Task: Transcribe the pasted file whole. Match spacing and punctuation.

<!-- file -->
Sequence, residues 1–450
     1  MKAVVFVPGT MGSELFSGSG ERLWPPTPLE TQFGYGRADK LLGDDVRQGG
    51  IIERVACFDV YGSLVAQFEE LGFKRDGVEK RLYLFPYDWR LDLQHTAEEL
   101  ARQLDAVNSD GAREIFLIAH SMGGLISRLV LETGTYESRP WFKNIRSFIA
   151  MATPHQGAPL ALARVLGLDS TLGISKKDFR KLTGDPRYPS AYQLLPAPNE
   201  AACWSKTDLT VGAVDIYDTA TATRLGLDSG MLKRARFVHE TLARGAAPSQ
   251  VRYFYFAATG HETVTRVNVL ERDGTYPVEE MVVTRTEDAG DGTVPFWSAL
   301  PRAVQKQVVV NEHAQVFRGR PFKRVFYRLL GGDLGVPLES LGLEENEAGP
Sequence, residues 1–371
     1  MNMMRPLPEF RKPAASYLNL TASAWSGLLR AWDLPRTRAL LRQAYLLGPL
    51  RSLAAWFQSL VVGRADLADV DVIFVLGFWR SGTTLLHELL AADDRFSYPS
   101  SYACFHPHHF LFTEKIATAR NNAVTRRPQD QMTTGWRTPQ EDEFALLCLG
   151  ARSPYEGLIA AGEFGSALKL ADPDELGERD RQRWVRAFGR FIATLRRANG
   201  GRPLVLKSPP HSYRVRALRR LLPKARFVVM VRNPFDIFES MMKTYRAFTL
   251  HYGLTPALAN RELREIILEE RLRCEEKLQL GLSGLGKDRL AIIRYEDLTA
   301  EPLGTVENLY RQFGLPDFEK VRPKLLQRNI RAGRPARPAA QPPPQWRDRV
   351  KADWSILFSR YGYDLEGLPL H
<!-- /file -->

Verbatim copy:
Sequence, residues 1–450
     1  MKAVVFVPGT MGSELFSGSG ERLWPPTPLE TQFGYGRADK LLGDDVRQGG
    51  IIERVACFDV YGSLVAQFEE LGFKRDGVEK RLYLFPYDWR LDLQHTAEEL
   101  ARQLDAVNSD GAREIFLIAH SMGGLISRLV LETGTYESRP WFKNIRSFIA
   151  MATPHQGAPL ALARVLGLDS TLGISKKDFR KLTGDPRYPS AYQLLPAPNE
   201  AACWSKTDLT VGAVDIYDTA TATRLGLDSG MLKRARFVHE TLARGAAPSQ
   251  VRYFYFAATG HETVTRVNVL ERDGTYPVEE MVVTRTEDAG DGTVPFWSAL
   301  PRAVQKQVVV NEHAQVFRGR PFKRVFYRLL GGDLGVPLES LGLEENEAGP
Sequence, residues 1–371
     1  MNMMRPLPEF RKPAASYLNL TASAWSGLLR AWDLPRTRAL LRQAYLLGPL
    51  RSLAAWFQSL VVGRADLADV DVIFVLGFWR SGTTLLHELL AADDRFSYPS
   101  SYACFHPHHF LFTEKIATAR NNAVTRRPQD QMTTGWRTPQ EDEFALLCLG
   151  ARSPYEGLIA AGEFGSALKL ADPDELGERD RQRWVRAFGR FIATLRRANG
   201  GRPLVLKSPP HSYRVRALRR LLPKARFVVM VRNPFDIFES MMKTYRAFTL
   251  HYGLTPALAN RELREIILEE RLRCEEKLQL GLSGLGKDRL AIIRYEDLTA
   301  EPLGTVENLY RQFGLPDFEK VRPKLLQRNI RAGRPARPAA QPPPQWRDRV
   351  KADWSILFSR YGYDLEGLPL H